...Those who disbelieve amongst the people of the Book and the polytheists, where will they go? Surfers Paradise? Gold Coast? Where? To the fire of hell."

I'm not sure how I feel about the preacher of one religion saying that the people who believe one of the core teachings of a rival religion are going to hell. I'm pretty sure that if a Christian preacher said something like "those heathens who follow Mohammed's teachings, foolishly and wrongly believing him to be a Prophet, are going to hell for their denial of the One True Saviour", then there would be outrage among the Muslim community. Should the Christian community react any diferently to a Sheikh preaching that believing in the Trinity is a gateway to hell?

On the other hand, I really can't get worked up over two Abrahamic religions essentially playing "My God is realler than your God". So juvenile.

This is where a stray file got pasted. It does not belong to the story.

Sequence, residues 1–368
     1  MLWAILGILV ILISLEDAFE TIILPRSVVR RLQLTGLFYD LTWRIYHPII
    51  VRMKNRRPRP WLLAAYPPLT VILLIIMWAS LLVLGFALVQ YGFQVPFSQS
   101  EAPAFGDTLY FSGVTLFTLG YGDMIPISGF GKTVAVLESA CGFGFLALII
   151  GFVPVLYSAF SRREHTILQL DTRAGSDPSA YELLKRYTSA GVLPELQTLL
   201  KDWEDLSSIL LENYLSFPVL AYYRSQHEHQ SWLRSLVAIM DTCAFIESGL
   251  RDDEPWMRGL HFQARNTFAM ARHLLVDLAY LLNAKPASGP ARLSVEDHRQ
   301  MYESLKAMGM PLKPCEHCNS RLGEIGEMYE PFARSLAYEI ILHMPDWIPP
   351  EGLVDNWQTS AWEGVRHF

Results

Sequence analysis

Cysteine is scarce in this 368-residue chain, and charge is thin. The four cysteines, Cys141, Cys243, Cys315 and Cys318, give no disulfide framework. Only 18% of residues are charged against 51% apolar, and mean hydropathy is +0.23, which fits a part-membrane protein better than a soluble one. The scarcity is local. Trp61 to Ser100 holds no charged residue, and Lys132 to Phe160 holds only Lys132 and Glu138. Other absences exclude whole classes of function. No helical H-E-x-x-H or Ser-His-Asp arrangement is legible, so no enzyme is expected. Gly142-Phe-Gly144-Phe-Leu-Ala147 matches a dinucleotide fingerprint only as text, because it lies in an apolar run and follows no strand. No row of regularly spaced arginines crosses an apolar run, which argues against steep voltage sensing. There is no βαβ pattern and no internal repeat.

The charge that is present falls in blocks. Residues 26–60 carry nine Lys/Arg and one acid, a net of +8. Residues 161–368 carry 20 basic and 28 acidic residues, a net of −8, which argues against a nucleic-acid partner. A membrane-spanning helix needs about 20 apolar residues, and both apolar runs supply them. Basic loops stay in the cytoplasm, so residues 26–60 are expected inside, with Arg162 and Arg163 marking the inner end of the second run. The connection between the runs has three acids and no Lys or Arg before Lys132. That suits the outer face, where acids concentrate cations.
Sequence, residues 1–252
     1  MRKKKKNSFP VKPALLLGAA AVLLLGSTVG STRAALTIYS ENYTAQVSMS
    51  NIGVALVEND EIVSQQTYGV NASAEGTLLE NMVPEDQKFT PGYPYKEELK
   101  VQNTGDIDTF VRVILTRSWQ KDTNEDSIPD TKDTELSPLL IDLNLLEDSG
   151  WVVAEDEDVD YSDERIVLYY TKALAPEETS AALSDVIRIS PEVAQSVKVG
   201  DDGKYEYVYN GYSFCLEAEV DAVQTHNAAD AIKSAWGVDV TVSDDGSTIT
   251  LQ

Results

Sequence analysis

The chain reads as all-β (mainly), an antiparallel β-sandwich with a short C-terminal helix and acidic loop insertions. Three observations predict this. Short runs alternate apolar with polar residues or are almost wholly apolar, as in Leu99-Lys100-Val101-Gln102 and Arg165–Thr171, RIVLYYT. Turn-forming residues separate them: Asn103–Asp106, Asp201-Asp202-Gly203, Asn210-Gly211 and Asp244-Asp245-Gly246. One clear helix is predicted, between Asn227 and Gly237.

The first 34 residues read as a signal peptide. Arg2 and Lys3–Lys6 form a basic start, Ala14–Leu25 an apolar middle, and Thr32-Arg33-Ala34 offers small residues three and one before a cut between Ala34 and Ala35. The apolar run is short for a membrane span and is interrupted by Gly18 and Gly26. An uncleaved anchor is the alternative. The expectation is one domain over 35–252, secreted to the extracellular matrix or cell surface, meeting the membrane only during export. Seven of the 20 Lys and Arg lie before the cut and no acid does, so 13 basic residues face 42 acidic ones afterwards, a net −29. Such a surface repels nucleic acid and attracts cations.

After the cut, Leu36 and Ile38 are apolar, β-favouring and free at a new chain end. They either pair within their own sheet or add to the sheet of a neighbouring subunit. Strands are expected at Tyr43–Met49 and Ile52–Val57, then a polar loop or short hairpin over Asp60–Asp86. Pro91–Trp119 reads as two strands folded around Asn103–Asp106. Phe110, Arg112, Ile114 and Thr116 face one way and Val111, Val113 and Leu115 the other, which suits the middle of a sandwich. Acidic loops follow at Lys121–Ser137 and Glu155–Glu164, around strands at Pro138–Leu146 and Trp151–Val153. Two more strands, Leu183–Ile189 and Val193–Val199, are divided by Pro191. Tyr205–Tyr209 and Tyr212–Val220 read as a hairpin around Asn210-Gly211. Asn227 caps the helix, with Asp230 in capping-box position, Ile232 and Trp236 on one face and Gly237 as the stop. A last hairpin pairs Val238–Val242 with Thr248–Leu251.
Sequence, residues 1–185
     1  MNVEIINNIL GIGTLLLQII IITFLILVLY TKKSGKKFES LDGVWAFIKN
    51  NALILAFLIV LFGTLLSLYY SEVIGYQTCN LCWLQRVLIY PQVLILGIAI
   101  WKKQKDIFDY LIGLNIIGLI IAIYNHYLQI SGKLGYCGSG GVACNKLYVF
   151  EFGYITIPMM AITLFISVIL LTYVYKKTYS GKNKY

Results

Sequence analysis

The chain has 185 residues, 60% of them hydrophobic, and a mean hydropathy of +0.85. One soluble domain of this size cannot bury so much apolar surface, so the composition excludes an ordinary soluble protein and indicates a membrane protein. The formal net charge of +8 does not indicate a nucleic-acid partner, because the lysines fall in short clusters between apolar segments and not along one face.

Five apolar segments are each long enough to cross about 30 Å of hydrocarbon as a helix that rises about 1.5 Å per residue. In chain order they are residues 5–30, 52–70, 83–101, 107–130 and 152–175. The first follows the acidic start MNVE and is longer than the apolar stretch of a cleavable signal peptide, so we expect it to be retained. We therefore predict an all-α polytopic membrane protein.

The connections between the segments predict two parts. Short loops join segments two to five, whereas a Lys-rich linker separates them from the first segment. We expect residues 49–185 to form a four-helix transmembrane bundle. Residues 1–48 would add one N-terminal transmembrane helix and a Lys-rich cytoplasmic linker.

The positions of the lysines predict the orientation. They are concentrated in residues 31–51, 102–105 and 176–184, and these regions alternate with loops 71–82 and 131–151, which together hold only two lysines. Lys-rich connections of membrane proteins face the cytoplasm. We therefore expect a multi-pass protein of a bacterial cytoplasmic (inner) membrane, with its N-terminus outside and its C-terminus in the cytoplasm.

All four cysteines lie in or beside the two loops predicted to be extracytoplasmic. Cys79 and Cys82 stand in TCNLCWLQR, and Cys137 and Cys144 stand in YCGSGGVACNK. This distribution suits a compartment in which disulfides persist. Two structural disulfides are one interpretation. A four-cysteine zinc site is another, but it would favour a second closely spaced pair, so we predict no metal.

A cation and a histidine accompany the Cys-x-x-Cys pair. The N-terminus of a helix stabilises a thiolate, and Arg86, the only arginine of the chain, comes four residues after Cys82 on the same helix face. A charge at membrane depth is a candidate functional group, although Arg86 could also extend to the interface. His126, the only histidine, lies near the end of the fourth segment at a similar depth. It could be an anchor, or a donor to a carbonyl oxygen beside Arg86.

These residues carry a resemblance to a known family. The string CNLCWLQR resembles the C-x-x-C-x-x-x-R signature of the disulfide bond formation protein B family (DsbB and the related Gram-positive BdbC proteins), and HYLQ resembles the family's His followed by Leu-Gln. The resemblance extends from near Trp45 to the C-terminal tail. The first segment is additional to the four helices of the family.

The Al-Rafihi scholar says in one of his literary works, he says: If I come across a crime of rape - kidnap and violation of honour - I would discipline the man and teach him a lesson in morals, and I would order the woman be arrested and jailed for life.

I find the implication that a woman should be jailed for being raped to be deeply, deeply disturbing. The cat-meat analogy pales in comparison to this. I don't understand why it hasn't been reported more. Have I misunderstood somthing?

Moral fallacies?

That's the best name I can come up with so far. Maybe there's a better one, I don't know.

Anyway, I found a site called Muslim Village. The forums section has a post arguing that Sheik Al-Hilali has done nothing wrong and that it's a deliberate plot by Islam-haters to attack a good man:
It is well known that for the past few years there has been a concentrated effort to oust the Sheikh by some groups. To his credit and many of his supporters they have stood their ground. We, the rest of the community should support them and help them to make one more stand at this most vital time.

For if the events of last week are any indication the opposition is nothing but a self serving group of egomaniacs who have only their own interest at heart...